Tuesday, February 12, 2008

The John Wayne Factor

When encountering "best" all-time film selections of distinguished critics and writers, one bumps into the curious presence of actor John Wayne in so many choices. This is particularly the case with wimpy-minded liberals like Peter Bogdonovich, Jonathan Lethem, and Joan Didion. Put a John Wayne movie before them and their liberalism vanishes. The moment "The Duke" appears on screen they begin bawling. It's a psychological phenomenon which has little to do with the actual movie. I call it connecting with their Inner John Wayne.
Of all John Wayne movies, "The Searchers" is the most lauded. Notice the gushings about Wayne's "obsessed" performance (Wayne glares to convey obsession); how "racist" it is, as if it were a radical departure, strongly against type.

Yet in the movie-- as opposed to the many essays about it-- John Wayne is clearly meant to be the hero of the story. His actions as strong man are conveyed as necessary to the survival of the community-- akin to the similar role in "The Man Who Shot Liberty Valance," or his earlier part in "Stagecoach," where he freely shoots Indians. Duh! I suspect the film critics are viewing a different movie and different John Wayne from that seen by 1950's audiences.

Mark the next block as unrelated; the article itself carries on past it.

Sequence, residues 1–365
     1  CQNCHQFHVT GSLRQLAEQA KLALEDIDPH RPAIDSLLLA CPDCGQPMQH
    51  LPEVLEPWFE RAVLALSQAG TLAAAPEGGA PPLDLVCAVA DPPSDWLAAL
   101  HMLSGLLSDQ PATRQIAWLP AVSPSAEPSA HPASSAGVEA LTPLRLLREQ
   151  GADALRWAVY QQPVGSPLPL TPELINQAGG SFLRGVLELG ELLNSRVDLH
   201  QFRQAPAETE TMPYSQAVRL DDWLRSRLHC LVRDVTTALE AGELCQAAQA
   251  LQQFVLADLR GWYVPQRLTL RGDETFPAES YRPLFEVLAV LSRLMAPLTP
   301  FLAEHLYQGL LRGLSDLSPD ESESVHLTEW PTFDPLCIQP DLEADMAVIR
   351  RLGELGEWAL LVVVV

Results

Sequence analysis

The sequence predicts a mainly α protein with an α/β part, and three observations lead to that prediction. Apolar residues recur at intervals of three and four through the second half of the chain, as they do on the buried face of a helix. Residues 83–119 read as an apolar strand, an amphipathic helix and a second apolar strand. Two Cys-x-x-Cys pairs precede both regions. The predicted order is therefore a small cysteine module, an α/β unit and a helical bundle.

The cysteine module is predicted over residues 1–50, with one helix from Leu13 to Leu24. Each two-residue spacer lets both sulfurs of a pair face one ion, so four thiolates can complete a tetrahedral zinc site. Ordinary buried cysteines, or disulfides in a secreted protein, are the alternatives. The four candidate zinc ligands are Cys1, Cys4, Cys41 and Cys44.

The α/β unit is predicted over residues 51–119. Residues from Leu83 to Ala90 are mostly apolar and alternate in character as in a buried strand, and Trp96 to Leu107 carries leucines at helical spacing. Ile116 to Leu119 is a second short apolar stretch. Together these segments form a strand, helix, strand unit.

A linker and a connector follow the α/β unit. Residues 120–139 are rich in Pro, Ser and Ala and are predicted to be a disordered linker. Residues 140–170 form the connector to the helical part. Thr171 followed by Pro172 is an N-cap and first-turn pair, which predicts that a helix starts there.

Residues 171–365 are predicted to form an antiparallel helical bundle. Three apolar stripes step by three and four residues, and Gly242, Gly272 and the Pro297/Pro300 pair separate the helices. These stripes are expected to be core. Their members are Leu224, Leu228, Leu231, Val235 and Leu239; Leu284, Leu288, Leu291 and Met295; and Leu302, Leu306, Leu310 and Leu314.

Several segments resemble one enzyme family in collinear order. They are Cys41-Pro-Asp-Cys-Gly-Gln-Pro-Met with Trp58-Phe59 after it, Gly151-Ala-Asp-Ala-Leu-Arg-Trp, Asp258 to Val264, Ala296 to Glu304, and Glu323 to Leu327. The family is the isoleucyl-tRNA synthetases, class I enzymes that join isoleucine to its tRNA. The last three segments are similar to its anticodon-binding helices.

John Wayne's strength as an actor came from the way he moved. Give him too much dialogue and his performance becomes embarrassing. (See "The Alamo.") He was an icon, but far from the greatest American film actor. All one has to do is compare his performances with what truly great actors like William Holden and Robert Ryan do with a few phrases in "The Wild Bunch." Each has some of the most memorable lines in American cinema. (Ryan: "We're chasing MEN, and I wish to God I were with them.") Their voices convey universes of meaning.

"The Searchers" has its strengths. The shot placements and technicolor photography blaze in the memory. It's also meandering, silly (Natalie Wood made-up like a pop movie queen), unbearably corny and at times boring. It's a nice folk tale-- its value in the way it preserves, or really, recaptures, the pioneer mindset; racism, hokiness, and all. A good movie, yes, but nowhere near the apex of great films. "The Wild Bunch"-- which did not make my list-- for one is many times better.

No comments: